# Abstract Nonsense

## UFDs (Pt. II)

Point of Post: This is a continuation of this post.

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What we’d now like to do is substantiate our claim that $\left\{\text{PIDs}\right\}\supsetneq\left\{\text{UFDs}\right\}$. The properness of any such containment is clear since as we have already mentioned $\mathbb{Z}[x]$ is a UFD (still to be proven) which is not a PID. Thus, it clearly suffices to prove the containment. We do this in two steps corresponding to the two defining properties of UFDs. First we prove that irreducibility and primality are really the same thing in PIDs. Indeed:

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Theorem: Let $R$ be a PID and $x\in R$ be irreducible, then $x$ is prime.

Proof: Consider the ideal $(x)$. We claim that $(x)\in\text{MaxSpec}(R)$ from where it will follows that $(x)\in\text{Spec}(R)$ and so $x$ is prime. To see this suppose that $\mathfrak{a}\supseteq(x)$, since $R$ is a PID we know that $\mathfrak{a}=(a)$ for some $a\in R$ and so $x=ab$ for some $b\in R$. Since $x$ is irreducible this implies that either $a$ is associate to $x$, in which case $\mathfrak{a}=(a)=(x)$, or $a$ is a unit in which case $\mathfrak{a}=(a)=R$. Thus, no proper ideal properly contains $(x)$ and since $x\notin R^\times$ we know that $(x)\ne R$ and so $(x)\in\text{MaxSpec}(R)$ as claimed. $\blacksquare$

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What we now show is that every element of a PID can be factored into a product of irreducibles. To do this we shall first need a lemma which says that every ascending chain of ideals in a PID eventually terminates (this is actually equivalent to the more general notion of a Noetherian ring (one in which every ideal is finitely generated)). Indeed:

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Lemma: Let $R$ be a PID, then if $\mathfrak{a}_1\subseteq\mathfrak{a}_2\subseteq\cdots$ is a ascending sequence of ideals in $R$ then $\mathfrak{a}_i$ is eventually constant (i.e. there exists $N\in\mathbb{N}$ such that $n,m\geqslant N$ implies $\mathfrak{a}_n=\mathfrak{a}_m$).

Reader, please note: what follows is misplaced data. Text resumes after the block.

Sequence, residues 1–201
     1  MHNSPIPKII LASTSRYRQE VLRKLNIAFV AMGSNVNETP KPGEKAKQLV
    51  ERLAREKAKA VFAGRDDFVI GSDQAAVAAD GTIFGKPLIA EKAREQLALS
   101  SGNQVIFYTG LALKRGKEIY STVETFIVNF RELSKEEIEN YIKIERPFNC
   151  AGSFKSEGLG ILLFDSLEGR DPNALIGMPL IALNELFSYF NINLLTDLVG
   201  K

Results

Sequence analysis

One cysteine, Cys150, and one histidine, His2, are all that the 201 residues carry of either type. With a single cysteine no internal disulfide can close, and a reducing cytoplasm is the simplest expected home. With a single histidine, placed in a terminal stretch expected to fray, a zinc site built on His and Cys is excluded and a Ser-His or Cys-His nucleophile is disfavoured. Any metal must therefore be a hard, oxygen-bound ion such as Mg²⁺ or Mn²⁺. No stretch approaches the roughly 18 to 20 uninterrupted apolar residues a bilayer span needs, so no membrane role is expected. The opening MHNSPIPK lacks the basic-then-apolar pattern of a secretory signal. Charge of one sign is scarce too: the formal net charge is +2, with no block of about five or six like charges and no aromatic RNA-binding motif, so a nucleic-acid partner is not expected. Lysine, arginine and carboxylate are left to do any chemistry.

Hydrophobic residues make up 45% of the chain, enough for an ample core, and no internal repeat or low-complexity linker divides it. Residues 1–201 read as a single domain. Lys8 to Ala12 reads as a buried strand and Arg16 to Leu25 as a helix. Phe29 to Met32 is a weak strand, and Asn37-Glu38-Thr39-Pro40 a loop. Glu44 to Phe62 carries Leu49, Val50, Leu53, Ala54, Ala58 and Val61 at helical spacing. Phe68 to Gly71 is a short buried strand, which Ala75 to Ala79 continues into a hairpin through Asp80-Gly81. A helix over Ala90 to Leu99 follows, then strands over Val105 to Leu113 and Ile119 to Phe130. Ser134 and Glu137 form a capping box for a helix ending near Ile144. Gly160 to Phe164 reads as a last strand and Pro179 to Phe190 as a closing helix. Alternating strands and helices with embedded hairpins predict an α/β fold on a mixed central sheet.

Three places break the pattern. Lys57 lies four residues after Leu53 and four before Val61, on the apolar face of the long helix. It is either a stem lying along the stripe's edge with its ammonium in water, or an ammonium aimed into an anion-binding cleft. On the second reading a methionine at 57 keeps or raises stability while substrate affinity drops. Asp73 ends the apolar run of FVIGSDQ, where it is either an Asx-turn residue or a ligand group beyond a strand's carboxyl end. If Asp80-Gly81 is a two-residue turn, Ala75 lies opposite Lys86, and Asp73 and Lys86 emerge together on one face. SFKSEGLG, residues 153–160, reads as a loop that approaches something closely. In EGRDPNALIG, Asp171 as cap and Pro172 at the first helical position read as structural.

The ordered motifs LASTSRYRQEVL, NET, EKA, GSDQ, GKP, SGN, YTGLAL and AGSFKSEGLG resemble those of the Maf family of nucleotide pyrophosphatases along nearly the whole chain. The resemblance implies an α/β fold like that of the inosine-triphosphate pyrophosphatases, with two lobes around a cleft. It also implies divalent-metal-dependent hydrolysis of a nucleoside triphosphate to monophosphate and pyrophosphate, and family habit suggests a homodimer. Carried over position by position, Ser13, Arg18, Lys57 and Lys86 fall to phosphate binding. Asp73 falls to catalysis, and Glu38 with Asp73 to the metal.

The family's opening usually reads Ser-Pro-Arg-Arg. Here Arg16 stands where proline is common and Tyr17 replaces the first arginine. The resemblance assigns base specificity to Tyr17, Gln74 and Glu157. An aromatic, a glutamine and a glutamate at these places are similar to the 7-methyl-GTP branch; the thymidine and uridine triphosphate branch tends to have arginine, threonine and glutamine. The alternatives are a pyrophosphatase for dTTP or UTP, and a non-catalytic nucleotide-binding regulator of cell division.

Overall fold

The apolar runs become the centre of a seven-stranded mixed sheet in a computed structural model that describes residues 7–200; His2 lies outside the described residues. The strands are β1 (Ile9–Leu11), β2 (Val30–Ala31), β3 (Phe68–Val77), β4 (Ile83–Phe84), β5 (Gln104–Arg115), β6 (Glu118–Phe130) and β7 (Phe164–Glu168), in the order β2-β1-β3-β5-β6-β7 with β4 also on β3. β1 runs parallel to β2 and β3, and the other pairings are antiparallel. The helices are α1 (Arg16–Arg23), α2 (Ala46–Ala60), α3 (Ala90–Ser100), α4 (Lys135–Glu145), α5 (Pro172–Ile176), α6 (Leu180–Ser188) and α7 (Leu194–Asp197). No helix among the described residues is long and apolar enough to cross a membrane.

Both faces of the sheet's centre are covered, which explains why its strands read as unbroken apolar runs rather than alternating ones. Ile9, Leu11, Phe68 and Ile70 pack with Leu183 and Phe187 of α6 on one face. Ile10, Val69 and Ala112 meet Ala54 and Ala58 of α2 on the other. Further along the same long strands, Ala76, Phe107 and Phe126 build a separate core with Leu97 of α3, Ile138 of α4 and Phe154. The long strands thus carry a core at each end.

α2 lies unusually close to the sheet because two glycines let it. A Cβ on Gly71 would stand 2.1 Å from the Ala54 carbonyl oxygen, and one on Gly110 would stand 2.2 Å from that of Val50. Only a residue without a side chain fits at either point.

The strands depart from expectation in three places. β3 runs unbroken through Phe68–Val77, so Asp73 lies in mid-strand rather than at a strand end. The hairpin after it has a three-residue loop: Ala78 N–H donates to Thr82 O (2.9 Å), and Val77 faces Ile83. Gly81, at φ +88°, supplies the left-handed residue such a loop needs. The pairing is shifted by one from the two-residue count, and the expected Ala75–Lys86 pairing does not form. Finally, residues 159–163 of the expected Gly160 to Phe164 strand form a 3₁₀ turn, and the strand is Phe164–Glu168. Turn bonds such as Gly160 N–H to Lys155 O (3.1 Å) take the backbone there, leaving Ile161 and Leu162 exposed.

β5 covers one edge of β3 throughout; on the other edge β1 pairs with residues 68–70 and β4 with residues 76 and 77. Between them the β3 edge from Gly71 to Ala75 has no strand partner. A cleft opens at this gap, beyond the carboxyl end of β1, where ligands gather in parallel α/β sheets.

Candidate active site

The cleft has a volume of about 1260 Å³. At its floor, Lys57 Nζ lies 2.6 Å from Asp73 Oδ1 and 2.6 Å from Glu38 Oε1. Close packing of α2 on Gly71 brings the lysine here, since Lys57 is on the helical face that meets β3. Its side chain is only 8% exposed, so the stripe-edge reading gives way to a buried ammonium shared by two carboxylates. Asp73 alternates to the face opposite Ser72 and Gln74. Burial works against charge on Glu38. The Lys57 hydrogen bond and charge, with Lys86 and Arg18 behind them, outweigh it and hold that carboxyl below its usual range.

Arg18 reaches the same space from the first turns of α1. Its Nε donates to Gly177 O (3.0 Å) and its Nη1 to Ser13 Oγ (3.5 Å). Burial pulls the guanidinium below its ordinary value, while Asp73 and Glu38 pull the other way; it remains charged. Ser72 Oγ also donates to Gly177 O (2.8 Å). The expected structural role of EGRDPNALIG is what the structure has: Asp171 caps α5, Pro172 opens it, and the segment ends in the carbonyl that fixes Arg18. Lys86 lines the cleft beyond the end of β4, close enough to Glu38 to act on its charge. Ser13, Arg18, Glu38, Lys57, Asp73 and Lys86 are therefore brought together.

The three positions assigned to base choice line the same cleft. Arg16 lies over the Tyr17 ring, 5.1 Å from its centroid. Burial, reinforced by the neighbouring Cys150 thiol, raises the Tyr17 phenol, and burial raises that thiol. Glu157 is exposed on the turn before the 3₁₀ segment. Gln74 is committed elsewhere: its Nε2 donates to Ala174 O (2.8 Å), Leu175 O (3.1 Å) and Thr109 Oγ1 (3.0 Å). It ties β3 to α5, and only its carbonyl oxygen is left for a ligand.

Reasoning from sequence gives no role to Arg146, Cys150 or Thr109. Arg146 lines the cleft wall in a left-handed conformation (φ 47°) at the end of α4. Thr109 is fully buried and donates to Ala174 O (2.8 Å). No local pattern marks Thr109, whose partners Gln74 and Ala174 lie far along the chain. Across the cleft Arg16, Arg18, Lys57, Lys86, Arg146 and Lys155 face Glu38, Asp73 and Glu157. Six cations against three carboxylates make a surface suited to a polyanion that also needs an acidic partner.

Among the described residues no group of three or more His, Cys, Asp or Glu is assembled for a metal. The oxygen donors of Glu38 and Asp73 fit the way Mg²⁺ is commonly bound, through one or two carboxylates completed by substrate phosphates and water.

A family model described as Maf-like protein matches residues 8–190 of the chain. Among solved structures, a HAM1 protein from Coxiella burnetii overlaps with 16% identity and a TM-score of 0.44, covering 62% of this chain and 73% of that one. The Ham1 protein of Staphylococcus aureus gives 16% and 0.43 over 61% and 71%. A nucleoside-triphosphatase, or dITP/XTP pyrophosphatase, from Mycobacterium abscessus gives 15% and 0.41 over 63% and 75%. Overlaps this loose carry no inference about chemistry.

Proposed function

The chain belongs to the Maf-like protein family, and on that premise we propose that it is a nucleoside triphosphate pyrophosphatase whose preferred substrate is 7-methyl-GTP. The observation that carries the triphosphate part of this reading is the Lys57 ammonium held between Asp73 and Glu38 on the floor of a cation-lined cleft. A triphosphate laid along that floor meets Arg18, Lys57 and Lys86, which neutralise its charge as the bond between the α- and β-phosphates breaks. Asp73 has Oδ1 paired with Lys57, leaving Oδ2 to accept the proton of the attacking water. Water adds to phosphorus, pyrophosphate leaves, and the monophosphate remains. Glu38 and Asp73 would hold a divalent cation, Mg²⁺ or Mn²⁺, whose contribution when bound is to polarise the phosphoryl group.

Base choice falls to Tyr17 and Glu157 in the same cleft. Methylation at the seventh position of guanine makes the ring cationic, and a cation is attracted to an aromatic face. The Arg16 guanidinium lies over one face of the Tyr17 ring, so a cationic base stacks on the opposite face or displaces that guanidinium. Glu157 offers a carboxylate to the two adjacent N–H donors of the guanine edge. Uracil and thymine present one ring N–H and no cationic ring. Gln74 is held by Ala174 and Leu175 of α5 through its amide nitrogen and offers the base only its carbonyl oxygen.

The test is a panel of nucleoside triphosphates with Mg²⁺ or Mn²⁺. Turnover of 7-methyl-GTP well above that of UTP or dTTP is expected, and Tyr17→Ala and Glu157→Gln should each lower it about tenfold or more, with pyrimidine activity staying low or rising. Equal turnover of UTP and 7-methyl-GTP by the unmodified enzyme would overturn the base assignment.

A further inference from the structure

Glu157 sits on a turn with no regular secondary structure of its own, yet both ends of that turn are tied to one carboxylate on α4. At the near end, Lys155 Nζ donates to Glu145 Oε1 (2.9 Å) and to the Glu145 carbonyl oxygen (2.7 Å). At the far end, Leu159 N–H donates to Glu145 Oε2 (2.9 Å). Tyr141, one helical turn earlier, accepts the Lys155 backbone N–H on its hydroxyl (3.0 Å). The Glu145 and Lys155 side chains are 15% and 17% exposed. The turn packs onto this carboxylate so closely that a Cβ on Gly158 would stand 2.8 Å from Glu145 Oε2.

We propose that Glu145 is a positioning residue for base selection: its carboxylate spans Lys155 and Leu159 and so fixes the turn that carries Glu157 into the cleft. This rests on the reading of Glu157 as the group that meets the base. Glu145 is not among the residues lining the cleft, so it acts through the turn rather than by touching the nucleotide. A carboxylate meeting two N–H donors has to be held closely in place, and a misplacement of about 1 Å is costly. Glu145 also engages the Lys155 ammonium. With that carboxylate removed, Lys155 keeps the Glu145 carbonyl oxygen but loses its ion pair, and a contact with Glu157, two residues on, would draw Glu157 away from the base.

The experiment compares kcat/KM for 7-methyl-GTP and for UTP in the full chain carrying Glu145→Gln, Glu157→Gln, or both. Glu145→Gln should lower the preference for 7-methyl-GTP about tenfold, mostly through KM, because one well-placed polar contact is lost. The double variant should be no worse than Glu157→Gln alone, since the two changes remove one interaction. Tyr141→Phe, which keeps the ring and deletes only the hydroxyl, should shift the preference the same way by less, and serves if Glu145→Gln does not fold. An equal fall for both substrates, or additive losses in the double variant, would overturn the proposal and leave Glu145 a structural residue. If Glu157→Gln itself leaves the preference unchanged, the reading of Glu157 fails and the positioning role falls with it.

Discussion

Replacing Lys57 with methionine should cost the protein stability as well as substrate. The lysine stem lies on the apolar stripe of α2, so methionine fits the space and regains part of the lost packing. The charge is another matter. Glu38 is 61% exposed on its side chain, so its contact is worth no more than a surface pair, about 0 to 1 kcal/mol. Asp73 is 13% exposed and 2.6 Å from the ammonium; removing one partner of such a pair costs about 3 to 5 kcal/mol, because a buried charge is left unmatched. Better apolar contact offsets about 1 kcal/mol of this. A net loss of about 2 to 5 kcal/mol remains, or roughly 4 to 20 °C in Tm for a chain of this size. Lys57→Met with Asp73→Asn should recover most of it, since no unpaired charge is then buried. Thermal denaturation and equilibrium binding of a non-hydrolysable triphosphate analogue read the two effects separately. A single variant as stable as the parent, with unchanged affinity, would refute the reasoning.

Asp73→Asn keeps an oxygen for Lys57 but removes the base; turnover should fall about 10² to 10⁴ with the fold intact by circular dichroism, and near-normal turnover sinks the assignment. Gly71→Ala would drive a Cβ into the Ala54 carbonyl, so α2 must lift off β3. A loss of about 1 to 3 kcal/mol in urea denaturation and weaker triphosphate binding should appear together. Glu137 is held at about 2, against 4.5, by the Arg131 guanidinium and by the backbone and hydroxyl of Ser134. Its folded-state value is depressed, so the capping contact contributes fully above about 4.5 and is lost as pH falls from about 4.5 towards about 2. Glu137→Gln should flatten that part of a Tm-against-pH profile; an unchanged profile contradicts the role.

Proof: Since $R$ is a PID we know that $\mathfrak{a}_j=(a_j)$ for some $a_j\in R$. Let $\displaystyle \mathfrak{a}=\bigcup_{j=1}^{\infty}(a_j)$, we know that, being the union over a chain of ideals, $\mathfrak{a}$ is an ideal and so by assumption that $R$ is a PID we have that $\mathfrak{a}=(a)$ for some $a\in R$. Now, since $a$ is the union over the chain we have that $a\in(a_k)$ for some $k\in\mathbb{N}$ and so $\mathfrak{a}=(a)\subseteq(a_k)$ from where it readily follows that $(a_k)=\mathfrak{a}$. Now, if $m>k$ we know that $(a_m)\subseteq\mathfrak{a}\subseteq (a_k)$ and since $(a_k)\subseteq (a_m)$ this implies that $(a_k)=(a_m)$. Thus, the chain is eventually constant. $\blacksquare$

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From this we can prove that every element of a PID can be factored into irreducibles:

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Theorem: Let $R$ be a PID and $x\in R$ be non-zero and non-unit. Then, there exists irreducibles $r_1,\cdots,r_n\in R$ such that $x=r_1\cdots r_n$.